Faughnan's Notes: CC Fraud Take II
A few more thoughts on this recent $7K fraud experience.
1. How did the crooks manage delivery of the stolen goods? In the Netfill scam there were no good to deliver and the faked transactions were for virtual goods.
2. Why didn't AMEX's fraud alarms go off? I have to assume they disable them, or tune them down, around the holidays. I've had AMEX question my purchase of underwear while traveling on business, but I didn't get a call about 6 separate $550 transactions in one day against one company.
3. Why NEWEGG? Why not spread the transactions around and make the fraud less obvious? Was NEWEGG an easy target for some reason?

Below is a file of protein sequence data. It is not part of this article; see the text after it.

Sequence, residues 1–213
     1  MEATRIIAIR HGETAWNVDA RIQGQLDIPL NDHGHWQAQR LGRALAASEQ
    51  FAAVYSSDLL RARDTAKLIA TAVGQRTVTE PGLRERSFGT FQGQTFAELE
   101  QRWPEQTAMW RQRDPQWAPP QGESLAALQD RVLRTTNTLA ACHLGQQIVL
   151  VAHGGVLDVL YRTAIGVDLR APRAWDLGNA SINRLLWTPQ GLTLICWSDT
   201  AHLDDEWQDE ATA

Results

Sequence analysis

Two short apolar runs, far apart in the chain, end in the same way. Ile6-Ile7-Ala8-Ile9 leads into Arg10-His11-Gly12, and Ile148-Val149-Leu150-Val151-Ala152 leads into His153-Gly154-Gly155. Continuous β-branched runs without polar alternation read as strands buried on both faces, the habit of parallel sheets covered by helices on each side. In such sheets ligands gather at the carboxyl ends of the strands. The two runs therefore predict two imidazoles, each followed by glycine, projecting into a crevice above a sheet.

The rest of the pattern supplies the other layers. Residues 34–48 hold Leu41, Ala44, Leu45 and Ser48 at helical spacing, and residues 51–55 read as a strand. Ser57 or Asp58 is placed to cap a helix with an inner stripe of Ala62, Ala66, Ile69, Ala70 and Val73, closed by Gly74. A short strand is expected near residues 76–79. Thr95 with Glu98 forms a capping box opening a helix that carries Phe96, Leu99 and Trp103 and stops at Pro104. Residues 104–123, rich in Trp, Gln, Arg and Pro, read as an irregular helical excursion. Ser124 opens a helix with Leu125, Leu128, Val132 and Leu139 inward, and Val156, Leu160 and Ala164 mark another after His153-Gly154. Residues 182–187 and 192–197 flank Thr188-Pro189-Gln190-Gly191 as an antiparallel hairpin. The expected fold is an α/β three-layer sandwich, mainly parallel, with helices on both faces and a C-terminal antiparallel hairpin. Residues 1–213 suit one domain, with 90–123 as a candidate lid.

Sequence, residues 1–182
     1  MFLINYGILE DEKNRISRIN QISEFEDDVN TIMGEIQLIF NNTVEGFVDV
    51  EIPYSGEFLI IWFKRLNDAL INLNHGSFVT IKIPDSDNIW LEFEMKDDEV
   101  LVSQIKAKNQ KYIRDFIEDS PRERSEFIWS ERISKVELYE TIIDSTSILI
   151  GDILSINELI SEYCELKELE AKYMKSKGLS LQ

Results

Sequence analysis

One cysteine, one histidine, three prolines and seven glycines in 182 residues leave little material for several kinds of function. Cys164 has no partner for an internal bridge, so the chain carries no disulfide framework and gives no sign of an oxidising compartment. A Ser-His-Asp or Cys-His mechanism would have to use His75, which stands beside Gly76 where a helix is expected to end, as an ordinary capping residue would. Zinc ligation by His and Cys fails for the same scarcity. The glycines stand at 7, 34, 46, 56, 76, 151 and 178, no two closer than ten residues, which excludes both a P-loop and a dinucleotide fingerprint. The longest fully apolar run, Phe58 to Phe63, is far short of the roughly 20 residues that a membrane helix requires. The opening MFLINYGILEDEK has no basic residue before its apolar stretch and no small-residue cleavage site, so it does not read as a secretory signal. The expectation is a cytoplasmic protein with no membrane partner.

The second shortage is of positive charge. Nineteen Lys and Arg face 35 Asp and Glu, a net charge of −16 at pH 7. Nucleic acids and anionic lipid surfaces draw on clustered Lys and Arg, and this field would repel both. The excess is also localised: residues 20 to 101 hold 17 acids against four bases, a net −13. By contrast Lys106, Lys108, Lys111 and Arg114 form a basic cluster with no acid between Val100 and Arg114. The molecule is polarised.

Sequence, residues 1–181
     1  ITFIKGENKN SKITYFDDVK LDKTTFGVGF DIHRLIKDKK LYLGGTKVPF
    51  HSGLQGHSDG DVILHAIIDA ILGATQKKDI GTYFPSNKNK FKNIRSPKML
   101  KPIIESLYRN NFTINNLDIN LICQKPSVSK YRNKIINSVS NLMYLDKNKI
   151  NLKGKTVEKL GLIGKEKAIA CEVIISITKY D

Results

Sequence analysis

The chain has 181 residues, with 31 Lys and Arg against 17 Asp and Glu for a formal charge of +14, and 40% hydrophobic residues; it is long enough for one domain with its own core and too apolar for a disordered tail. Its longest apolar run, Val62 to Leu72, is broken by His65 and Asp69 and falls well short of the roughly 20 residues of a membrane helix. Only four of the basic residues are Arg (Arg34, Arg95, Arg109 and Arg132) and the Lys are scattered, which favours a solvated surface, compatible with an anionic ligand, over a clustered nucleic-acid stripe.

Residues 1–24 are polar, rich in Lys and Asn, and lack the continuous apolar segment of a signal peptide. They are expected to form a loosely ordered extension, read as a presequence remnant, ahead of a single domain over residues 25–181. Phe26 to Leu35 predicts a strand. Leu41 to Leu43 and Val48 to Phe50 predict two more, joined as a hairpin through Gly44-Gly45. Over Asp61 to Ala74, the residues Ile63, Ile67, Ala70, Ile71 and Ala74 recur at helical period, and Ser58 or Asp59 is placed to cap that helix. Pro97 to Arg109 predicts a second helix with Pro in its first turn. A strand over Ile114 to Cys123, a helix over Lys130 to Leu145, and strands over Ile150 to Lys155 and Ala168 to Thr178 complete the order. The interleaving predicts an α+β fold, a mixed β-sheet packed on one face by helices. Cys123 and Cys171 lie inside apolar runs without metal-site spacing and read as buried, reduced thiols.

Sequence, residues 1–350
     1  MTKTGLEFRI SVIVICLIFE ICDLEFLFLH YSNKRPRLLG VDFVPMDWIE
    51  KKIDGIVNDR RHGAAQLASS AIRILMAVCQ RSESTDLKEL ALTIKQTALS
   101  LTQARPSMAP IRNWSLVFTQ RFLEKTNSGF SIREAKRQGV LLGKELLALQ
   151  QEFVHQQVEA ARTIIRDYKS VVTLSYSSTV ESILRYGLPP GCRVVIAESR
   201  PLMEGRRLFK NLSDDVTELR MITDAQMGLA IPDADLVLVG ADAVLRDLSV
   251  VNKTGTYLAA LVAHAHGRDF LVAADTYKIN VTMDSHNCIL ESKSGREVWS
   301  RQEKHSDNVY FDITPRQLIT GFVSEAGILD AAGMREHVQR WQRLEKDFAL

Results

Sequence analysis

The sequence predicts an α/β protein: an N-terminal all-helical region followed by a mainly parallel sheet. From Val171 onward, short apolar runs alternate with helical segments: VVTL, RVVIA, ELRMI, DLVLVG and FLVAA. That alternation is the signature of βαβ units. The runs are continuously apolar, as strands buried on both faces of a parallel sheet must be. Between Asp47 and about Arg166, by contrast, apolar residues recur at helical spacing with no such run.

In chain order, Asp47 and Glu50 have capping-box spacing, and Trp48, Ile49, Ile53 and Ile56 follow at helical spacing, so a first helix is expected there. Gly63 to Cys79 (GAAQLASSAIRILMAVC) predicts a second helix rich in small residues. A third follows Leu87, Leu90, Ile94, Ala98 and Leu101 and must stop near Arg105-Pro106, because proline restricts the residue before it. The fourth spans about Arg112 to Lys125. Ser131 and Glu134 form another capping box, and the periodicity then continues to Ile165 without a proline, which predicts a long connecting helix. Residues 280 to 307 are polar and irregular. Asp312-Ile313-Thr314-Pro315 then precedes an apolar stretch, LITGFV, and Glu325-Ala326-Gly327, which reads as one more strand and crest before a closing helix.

4. Was the attack fully automated? That's the most interesting possibiliity. It seemed pretty stylized -- two near identical attacks two weeks apart, each beginning with a domain name change. Problem is, unlike Netfill, this seems to have involved delivery of physical goods. Hard to see how that could scale. I don't think this was an automated attack.
The more I think about the delivery of physical goods problem, the more I'm inclined to think this was a kid somewhere.
Update: This must be the season for credit card fraud -- I might have another one! My son's Brett Favre figure broke; I had trouble finding a replacement on the net and ended up placing an order with toyglobe.com. My AMEX card was charged the day I placed the order: 12/3/04; it was charged slightly more than expected. Nothing has come from Toyglobe.com (office is in my old home town: St. Laurent, Quebec). Their web site doesn't have a phone number. A web search finds a worrisome web page of complaints. Hmmm. Suspicious timing?
3080 Barclay # 6
Montreal, Quebec h3s1j8
5455 Vanden Abeele St.
St. Laurent, QC H4S 1S1